The absence of Nigerian referees on the official match officials list for the 2023 AFCON scheduled for Cote d’Ivoire in January 2024 upset John Owan-Enoh, Minister of Sports Development.
Mr Owan-Enoh stated this on Thursday in Abuja while reacting to the list of match officials released by the Confederation of African Football (CAF) ahead of the tournament scheduled for January 2024.
He said that given Nigeria’s football pedigree and population, the country should not be in such a predicament, which has become a trend.
The minister promised to hold engagements with relevant stakeholders, such as the Nigeria Football Federation (NFF), and Nigeria Referees Association (NRA), among others, to reverse the trend.
“At the last AFCON (2021), Nigeria only had one assistant referee listed amongst the match officials. Two years prior, we didn’t have any centre referees too.
“Going into the next AFCON (2023), we still won’t have any Nigerian officials. I am going to interrogate this matter.
“We will have engagements with the NFF, the Referees’ Association, and the League Board because we need to get to the bottom of this,” he said.
Mr Owan-Enoh noted that, without prejudice to the outcome, the development calls for a reflection of the institutional setting within which sports is administered in the country.
He reiterated his commitment to ensuring that sports across all facets thrive in the country, for Nigeria to stand tall in the comity of nations.
The News Agency of Nigeria (NAN) reports that CAF on Tuesday unveiled 85 referees, comprising centre referees, assistant referees, VARs, and technical instructors, for the 2023 AFCON, and no Nigerian official was included.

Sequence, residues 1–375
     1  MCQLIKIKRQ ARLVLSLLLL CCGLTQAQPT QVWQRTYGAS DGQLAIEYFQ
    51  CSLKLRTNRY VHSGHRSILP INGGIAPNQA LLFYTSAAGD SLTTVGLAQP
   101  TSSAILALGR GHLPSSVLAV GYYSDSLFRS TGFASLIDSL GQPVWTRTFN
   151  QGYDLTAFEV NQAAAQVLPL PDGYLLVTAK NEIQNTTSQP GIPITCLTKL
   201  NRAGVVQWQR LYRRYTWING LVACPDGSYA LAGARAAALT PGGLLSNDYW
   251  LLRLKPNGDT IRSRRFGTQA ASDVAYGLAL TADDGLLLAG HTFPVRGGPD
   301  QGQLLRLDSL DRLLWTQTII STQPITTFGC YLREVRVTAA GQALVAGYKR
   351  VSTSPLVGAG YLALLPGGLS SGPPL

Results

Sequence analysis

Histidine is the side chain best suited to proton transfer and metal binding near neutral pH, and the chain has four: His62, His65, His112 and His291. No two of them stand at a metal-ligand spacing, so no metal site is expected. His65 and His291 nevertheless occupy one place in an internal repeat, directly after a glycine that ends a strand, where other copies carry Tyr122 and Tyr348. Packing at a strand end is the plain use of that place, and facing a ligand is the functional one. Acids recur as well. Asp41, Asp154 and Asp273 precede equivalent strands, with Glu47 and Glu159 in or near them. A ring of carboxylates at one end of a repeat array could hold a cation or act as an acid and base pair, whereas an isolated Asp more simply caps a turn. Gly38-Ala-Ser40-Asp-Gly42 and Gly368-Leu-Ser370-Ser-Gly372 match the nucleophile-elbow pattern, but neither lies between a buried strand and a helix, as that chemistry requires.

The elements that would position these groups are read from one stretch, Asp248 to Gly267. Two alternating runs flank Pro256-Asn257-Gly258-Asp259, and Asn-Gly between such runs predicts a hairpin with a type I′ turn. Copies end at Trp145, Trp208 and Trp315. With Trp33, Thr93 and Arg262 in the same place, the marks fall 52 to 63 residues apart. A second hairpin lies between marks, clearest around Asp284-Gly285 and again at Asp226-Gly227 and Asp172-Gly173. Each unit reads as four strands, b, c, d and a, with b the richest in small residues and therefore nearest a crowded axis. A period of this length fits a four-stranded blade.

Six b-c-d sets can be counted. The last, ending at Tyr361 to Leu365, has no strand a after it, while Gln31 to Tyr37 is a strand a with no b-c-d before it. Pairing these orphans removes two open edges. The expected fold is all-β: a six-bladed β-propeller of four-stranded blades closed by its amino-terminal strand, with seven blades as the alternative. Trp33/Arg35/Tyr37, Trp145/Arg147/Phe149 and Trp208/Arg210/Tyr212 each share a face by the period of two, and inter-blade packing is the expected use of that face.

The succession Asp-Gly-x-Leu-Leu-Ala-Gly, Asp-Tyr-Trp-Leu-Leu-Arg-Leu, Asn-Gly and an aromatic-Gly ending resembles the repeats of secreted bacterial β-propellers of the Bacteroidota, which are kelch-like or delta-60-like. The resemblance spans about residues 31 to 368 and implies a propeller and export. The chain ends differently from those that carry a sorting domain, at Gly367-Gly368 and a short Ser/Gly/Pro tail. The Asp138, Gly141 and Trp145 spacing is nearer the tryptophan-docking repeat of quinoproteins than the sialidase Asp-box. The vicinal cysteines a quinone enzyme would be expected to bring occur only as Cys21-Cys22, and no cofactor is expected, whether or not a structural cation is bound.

NAN reports that Egypt and Algeria, both in North Africa, have three names listed in the centre referees list, followed by Morocco, Mauritania, and Mauritius, each with two. Other nations on the list include Gabon, Ghana, Benin, Congo, Somalia, and others.
The assistant referees list includes two representatives from each of Morocco, Kenya, Cote d’Ivoire, Algeria, Egypt, and South Africa, as well as lesser-known nations like Comoros, Djibouti, Burkina Faso, and Sao Tome and Principe.
There are four VAR referees chosen from Mauritius, South Africa, Morocco, and Egypt. They chose the following nations for the technical instructors and physical trainers: Zimbabwe, Burundi, Cote d’Ivoire, Senegal, Morocco, and Djibouti.
The 2023 AFCON finals, which are scheduled to take place from 13 January to 11 February 2024, will feature 24 nations vying for the championship, including Nigeria’s Super Eagles.
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